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1 and 2 Samuel Rising of the Kings

King Saul’s Disobedience & Demise

1 Samuel 15

The Bible Teaching Commentary

B) The Response:
Tolerating a Little Sin

1 Samuel 15:4-9

Paul J. Bucknell

Introductory | The Crisis (1 Samuel 15:1-3) | The Response (1 Samuel 15:4-9)
The Test (1 Samuel 15:10-15) | The Excuse (1 Samuel 15:16-23)
The Confession (1 Samuel 15:24-31) | The Future (1 Samuel 15:32-35)

Bible Study Questions | mp3 Podcast


1 Samuel 15:4-9 The Response: Tolerating a Little Sin is part 3/7 of The Bible Teacher's Commentary on 1 Samuel 15 which shows the great things Saul accomplished in that battle with the Amalekites in 15:4-8 and the compromises he made at the same time in 15:9.

“Then Saul summoned the people and numbered them in OT, 200,000 foot soldiers and 10,000 men of Judah. And Saul came to the city of Amalek, and set an ambush in the valley. And Saul said to the Kenites, “Go, depart, go down from among the Amalekites, lest I destroy you with them; for you showed kindness to all the sons of Israel when they came up from Egypt” (So the Kenites departed from among the Amalekites. So Saul defeated the Amalekites, from Havilah as you go to Shur, which is east of Egypt. And he captured Agag the king of the Amalekites alive, and utterly destroyed all the people with the edge of the sword. 9 But Saul and the people spared Agag and the best of the sheep, the oxen, the fatlings, the lambs, and all that was good, and were not willing to destroy them utterly; but everything despised and worthless, that they utterly destroyed” (1 Samuel 15:4-9).

Check out out Digital Old Testament Library for a huge collection of resources on 1 Samuel and all of the Old Testament!Check out our Digital Old Testament Library for a huge collection of resources on 1 Samuel and all of the Old Testament!

Verses 4-8 record at least three major ways King Saul obeyed the Lord. King Saul first mobilized a large army seemingly without any difficulty. He went to war against the Amalekites. Why did the author distinguish between foot soldiers and the men of Judah? Maybe the first group were soldiers while the others were nearby men supporting the official army.

Second, in verse 6 in the midst of the attack we see a kind and sensitive part of Saul. He could have just wiped out everyone in enemy territory, but He remembered God’s priorities. When Saul stopped the battle and let the Kenites escape, he gave up the advantage of the attacker: surprise and speed. The Kenites early had shown kindness to Israel when they had come out of Egypt. Kenite was actually Moses’ father-in-law. The Kenites treated Israel well in contrast to the way the Amalekites treated them. Many of the Kenites actually went to live with the Israelites but some were in the Amalekite territory just south of Judah.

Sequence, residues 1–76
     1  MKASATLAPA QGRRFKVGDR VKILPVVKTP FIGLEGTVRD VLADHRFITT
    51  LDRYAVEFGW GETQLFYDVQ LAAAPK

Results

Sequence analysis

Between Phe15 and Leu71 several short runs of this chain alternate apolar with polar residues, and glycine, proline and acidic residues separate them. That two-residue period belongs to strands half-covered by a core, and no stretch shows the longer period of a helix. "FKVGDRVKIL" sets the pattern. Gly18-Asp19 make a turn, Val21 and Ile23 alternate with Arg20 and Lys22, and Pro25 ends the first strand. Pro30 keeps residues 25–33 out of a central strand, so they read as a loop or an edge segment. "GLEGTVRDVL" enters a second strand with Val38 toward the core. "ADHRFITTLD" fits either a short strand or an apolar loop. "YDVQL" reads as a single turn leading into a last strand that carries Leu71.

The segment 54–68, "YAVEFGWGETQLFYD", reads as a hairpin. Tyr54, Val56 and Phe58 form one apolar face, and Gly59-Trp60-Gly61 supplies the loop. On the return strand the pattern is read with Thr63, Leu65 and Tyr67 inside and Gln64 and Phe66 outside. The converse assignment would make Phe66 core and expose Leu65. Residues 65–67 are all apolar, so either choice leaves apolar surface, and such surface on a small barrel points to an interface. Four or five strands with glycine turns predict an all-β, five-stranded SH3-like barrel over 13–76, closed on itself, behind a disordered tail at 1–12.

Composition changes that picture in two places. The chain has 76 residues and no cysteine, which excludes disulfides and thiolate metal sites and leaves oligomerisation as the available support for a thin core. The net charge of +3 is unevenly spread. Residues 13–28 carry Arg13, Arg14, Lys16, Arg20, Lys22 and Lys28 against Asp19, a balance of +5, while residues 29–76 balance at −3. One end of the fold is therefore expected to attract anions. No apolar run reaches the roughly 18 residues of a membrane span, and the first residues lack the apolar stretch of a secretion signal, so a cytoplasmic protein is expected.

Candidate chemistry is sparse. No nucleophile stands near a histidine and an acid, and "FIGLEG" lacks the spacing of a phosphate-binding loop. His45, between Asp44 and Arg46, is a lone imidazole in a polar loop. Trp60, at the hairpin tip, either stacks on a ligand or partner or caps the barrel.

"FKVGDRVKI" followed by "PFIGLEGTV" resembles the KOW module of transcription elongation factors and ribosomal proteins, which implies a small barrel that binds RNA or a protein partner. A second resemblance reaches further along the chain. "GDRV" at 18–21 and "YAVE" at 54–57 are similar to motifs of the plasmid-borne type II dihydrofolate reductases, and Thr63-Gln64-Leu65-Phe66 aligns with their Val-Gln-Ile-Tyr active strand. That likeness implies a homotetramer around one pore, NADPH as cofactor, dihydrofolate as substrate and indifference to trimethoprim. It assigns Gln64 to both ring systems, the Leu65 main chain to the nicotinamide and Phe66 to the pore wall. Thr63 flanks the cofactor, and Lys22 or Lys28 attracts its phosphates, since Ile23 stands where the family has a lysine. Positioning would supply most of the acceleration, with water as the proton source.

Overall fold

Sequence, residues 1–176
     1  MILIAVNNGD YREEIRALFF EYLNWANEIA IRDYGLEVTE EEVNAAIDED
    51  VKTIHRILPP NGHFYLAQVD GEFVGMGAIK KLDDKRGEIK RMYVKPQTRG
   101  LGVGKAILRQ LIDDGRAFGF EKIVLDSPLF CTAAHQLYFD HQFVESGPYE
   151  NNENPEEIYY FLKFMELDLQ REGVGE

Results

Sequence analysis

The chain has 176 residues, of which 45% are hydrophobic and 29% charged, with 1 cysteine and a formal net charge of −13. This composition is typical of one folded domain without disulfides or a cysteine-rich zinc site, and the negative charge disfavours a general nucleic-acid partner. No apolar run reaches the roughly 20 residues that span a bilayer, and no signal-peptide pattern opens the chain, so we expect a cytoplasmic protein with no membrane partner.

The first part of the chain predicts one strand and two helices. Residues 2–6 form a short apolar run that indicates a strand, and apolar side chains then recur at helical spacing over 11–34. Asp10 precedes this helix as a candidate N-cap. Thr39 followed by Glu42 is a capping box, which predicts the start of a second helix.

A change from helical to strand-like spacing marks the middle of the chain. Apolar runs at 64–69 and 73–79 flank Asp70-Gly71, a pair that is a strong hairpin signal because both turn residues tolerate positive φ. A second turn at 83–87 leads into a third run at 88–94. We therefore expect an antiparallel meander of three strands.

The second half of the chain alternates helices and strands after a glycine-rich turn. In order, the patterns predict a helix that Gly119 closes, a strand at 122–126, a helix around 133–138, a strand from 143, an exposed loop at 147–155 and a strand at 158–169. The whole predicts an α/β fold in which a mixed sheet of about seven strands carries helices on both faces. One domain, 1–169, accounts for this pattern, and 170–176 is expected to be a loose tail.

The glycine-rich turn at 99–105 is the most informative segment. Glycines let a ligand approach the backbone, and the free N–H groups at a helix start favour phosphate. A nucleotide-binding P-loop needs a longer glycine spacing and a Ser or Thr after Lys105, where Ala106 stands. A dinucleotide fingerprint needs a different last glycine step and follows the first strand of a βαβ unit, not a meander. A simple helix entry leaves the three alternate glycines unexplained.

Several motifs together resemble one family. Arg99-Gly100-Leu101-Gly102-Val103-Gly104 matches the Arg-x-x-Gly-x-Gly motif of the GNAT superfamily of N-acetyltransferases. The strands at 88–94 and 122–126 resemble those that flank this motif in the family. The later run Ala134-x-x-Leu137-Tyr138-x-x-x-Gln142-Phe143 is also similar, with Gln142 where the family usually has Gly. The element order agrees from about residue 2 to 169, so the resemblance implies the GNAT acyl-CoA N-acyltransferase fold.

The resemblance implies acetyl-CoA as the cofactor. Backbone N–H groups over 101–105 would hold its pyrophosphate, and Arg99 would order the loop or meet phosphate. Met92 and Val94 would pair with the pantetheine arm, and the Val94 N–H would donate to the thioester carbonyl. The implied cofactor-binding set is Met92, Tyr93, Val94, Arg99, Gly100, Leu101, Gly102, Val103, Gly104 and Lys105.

“And the descendants of the Kenite, Moses’ father-in-law, went up from the city of palms with the sons of Judah, to the wilderness of Judah which is in the south of Arad; and they went and lived with the people” (Judges 1:16).

Third, the Israelites thoroughly eliminating the Amalekites, reaching far to the border of Egypt in the Wilderness of Shur (a wall looking like mountains). Saul destroyed the people. In order to go to the edge of Egypt, he had to travel over rough terrain and for a good long distance. He obeyed and fought well. This establishment of the kingdom was part of a lifetime of work seen in 1 Samuel 14:47-48.

Verse 9, however, strikes a negative note about the battle. Saul compromised. He did not completely kill everyone (such as King Agag) and kept the best animals when everything should have been destroyed. In order to highlight the inconsistency, the end of verse 9 says, “Everything despised and worthless, ... they utterly destroyed.”

Someone is watching what we do. The author noted this inconsistency. God observed it. In a general way, Saul made some significant steps of obedience. He bravely fought the enemy as he was supposed to. But there were other smaller matters in which he did not carefully observer. This included sparing one Amalekite (the king) and he did not kill off all the livestock.

Continue (4/7) -> The Test: Observes what one really believes (1 Samuel 15:10-15)